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Updated 11:00 AM November 1, 2004




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Spotlight: Marching together

Revelli Hall, home of the Michigan Marching Band, is a place imbued with an atmosphere that spans generations. Pictures and memorabilia from years past speak of a time-honored tradition, one that is brought firmly into the present by the vitality that fills the hall as hundreds of band members file in for their daily practice.
(Photo by Belinda Carter)

As the strains of music waft through the air, Maggie St. Clair, administrative assistant for the band, is working with her staff to take care of all of the minute details that come with coordinating the activities of more than 400 people. Budget reports, travel and lodging arrangements for away trips, and the upcoming dinner for band members and their parents all are handled efficiently as the students practice their repertoire.

This year marks St. Clair's 18th season with the band, and she knows the place inside out. Band members know that she's the one to go to when they have questions, such as the itinerary of their next away trip.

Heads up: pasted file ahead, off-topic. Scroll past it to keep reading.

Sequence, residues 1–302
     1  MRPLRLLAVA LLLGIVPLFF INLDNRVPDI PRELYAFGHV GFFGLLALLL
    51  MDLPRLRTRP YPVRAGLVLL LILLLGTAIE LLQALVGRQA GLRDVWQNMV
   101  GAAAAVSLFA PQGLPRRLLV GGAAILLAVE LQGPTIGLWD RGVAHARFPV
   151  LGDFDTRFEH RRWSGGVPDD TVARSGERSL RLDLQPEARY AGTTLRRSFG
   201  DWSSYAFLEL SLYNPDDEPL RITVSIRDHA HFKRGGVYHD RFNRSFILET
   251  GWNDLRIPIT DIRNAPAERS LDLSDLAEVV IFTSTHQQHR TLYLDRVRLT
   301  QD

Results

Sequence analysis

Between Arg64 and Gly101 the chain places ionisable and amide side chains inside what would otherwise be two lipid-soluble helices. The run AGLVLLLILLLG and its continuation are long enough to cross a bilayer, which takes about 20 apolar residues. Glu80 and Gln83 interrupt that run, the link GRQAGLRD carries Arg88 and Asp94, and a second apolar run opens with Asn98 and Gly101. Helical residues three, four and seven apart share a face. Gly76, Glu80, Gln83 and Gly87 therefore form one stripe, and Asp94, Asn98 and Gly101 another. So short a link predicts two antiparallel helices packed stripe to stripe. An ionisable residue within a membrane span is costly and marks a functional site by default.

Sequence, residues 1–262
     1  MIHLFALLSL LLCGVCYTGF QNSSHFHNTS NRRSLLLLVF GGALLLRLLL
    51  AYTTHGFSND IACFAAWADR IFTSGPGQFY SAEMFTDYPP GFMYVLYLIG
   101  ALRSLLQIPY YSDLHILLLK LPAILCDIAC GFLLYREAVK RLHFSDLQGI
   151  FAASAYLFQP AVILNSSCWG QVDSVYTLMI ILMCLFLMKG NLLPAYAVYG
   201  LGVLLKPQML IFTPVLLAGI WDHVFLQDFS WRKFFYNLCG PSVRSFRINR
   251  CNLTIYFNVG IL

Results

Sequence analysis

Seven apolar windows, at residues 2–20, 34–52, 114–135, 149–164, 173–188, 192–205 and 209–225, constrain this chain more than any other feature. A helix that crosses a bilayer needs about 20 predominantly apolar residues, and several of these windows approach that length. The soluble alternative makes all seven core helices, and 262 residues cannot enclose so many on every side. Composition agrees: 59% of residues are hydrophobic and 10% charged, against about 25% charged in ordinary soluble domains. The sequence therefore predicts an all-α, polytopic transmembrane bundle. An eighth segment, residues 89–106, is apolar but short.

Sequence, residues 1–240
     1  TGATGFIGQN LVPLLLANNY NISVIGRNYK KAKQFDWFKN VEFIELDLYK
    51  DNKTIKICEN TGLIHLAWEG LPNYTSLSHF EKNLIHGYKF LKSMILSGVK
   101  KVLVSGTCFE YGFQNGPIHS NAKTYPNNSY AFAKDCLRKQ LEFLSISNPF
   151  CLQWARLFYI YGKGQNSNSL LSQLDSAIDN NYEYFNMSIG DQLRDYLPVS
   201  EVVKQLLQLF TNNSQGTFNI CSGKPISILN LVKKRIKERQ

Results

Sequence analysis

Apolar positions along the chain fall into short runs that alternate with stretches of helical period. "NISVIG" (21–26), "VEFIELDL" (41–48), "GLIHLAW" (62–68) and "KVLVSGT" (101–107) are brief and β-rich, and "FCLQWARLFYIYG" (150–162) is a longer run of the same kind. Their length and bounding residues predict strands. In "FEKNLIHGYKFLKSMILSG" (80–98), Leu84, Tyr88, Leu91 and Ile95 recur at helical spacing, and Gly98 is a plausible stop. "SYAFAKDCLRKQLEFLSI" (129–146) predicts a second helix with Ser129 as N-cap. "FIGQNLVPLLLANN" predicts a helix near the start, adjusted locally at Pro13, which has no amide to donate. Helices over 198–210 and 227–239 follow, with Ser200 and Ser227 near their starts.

But she is more than just their reference person cum administrator. "She's our mom; everybody loves her," says Dennis Lee, the drum major. "She works behind the scenes and does it so well that all we have to worry about is performing."

St. Clair's work continues well into the weekend during football Saturdays. Just before a game starts, she dons her uniform and marches with the band from Revelli Hall to the stadium.

St. Clair is in her element here. As the band plays "Let's Go Blue" in perfect unison, she stays ahead of the line, communicating with the director, drum major and other staff members through her headset, making sure that the band gets from point A to point B.

At the stadium, she helps the band members "load the tunnel," until they emerge onto the field to the crowd's delight. St. Clair then stays in the background, coordinating and making sure everything goes according to plan, as the band entertains the crowd.

St. Clair used to work at the Stephen M. Ross School of Business. "I was looking for a more part-time job so I could have more time with my family," St. Clair says. But the band grew, and she found herself spending a lot more time at her new job.

"I helped develop the annual giving program called the Elbel Club. Students then had to provide their own instruments and we didn't have enough uniforms," St. Clair says. Today, the band not only provides its members with these items, it also has scholarships for some students.

The band members and its directors make her job feel like a home away from home. "It's like a big family atmosphere; there's unbelievable camaraderie between the students," she says. "I've worked with five directors, and each of them has added a little of himself to the band. After you get involved in this organization, it becomes a passion."

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